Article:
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  44. Complicity: Ethics and Law for a Collective Age.Christopher Kutz - 2000 - Cambridge University Press.
    We live in a morally flawed world. Our lives are complicated by what other people do, and by the harms that flow from our social, economic and political institutions. Our relations as individuals to these collective harms constitute the domain of complicity. This book examines the relationship between collective responsibility and individual guilt. It presents a rigorous philosophical account of the nature of our relations to the social groups in which we participate, and uses that account in a discussion of (...)
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  45. The Psychologist's Fallacy as a Persistent Framework in William James's Psychological Theorizing.Edward Reed - 1995 - History of the Human Sciences 8 (1):61-72.
  46. Some Varieties of Epistemic Injustice: Reflections on Fricker.Christopher Hookway - 2010 - Episteme 7 (2):151-163.
    Miranda Fricker's important study of epistemic injustice is focussed primarily on testimonial injustice and hermeneutic injustice. It explores how agents' capacities to make assertions and provide testimony can be impaired in ways that can involve forms of distinctively epistemic injustice. My paper identifies a wider range of forms of epistemic injustice that do not all involve the ability to make assertions or offer testimony. The paper considers some examples of some other ways in which injustice can prevent someone from participating (...)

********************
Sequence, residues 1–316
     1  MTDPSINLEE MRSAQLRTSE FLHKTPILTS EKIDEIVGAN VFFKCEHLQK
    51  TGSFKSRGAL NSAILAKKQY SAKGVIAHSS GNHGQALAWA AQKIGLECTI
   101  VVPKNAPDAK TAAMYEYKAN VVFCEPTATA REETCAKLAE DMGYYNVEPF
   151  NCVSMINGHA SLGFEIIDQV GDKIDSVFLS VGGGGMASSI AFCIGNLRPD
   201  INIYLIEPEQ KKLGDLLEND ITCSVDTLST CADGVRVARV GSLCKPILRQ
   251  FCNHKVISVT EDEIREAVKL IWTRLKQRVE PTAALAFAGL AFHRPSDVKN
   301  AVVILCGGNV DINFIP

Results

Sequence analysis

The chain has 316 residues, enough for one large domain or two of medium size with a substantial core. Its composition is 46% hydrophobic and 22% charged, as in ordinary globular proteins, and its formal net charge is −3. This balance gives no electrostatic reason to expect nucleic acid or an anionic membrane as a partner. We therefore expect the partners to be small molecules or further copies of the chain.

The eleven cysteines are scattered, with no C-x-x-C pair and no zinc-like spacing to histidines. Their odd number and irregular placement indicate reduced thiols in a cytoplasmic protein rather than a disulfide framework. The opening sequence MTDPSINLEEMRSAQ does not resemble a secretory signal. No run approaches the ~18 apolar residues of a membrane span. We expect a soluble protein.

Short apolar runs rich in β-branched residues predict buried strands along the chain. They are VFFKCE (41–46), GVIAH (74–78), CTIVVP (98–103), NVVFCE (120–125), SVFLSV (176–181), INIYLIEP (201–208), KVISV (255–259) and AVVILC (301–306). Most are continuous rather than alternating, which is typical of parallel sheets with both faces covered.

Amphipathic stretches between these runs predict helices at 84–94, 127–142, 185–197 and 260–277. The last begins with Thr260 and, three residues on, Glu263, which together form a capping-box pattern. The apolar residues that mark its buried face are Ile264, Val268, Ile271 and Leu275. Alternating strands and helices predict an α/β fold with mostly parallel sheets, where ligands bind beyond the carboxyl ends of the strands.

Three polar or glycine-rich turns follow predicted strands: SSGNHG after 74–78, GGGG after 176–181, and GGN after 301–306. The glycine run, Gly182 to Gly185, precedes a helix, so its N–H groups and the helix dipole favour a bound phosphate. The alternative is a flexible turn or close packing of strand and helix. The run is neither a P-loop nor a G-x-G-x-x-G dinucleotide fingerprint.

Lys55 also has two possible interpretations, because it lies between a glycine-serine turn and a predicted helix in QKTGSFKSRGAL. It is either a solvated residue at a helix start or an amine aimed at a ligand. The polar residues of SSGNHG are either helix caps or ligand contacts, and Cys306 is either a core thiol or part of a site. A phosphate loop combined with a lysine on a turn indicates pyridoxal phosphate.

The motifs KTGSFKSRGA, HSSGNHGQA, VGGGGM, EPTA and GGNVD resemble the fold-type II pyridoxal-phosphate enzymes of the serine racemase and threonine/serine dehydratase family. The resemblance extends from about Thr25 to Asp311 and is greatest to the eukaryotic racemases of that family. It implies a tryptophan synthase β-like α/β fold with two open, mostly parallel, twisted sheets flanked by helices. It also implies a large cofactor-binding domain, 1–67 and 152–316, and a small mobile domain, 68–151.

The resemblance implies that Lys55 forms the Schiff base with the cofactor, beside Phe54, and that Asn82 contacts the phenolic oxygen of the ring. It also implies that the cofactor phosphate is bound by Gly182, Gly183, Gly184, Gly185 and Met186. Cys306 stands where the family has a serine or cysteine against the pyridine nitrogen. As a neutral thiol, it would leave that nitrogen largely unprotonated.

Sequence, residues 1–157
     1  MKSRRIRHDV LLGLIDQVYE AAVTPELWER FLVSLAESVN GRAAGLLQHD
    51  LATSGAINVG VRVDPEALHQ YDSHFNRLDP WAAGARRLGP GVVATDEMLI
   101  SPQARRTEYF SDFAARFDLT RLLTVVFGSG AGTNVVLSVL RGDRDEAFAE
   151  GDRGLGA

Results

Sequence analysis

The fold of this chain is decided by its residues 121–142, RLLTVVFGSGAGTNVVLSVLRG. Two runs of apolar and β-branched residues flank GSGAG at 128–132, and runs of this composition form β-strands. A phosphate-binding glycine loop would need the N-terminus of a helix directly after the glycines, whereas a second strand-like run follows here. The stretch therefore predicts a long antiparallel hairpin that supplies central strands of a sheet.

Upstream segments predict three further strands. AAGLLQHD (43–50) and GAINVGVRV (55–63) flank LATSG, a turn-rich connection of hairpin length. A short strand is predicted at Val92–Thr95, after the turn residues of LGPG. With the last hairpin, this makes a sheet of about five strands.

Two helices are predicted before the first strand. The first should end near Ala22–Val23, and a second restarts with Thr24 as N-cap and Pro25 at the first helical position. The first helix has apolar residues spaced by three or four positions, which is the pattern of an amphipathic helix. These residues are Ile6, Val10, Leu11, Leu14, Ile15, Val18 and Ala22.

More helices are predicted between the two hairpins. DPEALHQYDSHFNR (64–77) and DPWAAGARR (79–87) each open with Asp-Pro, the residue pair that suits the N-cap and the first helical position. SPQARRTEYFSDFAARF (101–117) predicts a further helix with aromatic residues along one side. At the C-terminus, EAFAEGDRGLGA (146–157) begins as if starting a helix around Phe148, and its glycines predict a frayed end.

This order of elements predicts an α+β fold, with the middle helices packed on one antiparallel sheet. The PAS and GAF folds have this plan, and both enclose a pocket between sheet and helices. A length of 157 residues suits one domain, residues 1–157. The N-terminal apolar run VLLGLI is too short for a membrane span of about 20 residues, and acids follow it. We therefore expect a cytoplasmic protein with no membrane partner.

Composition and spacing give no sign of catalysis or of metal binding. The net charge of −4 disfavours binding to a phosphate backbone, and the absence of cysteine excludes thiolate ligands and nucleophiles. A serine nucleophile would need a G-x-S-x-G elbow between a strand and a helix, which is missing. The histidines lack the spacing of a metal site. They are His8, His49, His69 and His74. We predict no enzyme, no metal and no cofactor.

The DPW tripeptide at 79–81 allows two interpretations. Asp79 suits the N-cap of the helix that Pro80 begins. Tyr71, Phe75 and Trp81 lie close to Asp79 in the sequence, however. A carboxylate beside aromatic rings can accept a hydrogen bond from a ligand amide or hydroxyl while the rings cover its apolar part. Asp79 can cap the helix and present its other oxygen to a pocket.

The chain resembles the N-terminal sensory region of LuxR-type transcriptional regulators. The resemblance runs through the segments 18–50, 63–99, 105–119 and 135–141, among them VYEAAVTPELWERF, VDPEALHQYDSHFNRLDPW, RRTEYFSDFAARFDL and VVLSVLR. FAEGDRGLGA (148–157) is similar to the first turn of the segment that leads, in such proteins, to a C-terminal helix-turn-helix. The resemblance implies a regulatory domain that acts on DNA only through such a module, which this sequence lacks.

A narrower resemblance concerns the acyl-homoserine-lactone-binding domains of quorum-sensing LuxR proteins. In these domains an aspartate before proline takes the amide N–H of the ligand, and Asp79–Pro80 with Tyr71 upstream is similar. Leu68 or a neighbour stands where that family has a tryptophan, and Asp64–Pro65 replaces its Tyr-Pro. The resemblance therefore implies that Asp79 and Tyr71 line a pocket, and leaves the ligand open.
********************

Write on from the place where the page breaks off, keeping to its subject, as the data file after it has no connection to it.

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  47.  48
    A Minimal Libertarianism: Free Will and the Promise of Reduction.Christopher Evan Franklin - 2018 - New York, USA: Oxford University Press.
    In this book, Christopher Evan Franklin develops and defends a novel version of event-causal libertarianism. This view is a combination of libertarianism--the view that humans sometimes act freely and that those actions are the causal upshots of nondeterministic processes--and agency reductionism--the view that the causal role of the agent in exercises of free will is exhausted by the causal role of mental states and events (e.g., desires and beliefs) involving the agent. Franklin boldly counteracts a dominant theory that has (...)
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  48. Kleine Schriften von Christoph Sigwart...1.-[2.] Reihe.Christoph Sigwart - 1889 - Mohr.
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  49.  17
    Walter Reed and the Yellow Fever Experiments.Susan E. Lederer - 2008 - In Ezekiel J. Emanuel (ed.), The Oxford Textbook of Clinical Research Ethics. Oxford University Press. pp. 9--17.
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  50.  63
    Kant on Intuitive Understanding and Things in Themselves.Reed Winegar - 2018 - European Journal of Philosophy 26 (4):1238-1252.
    Kant claims that an intuitive understanding—such as God would possess—could cognize things in themselves. This claim has prompted many interpreters of Kant's theoretical philosophy to propose that things in themselves correspond to how an intuitive understanding would cognize things. In contrast, I argue that Kant's theoretical philosophy does not endorse the common proposal that all things in themselves correspond to how an intuitive understanding would cognize things. Instead, Kant's theoretical philosophy maintains that things in themselves might or might not correspond (...)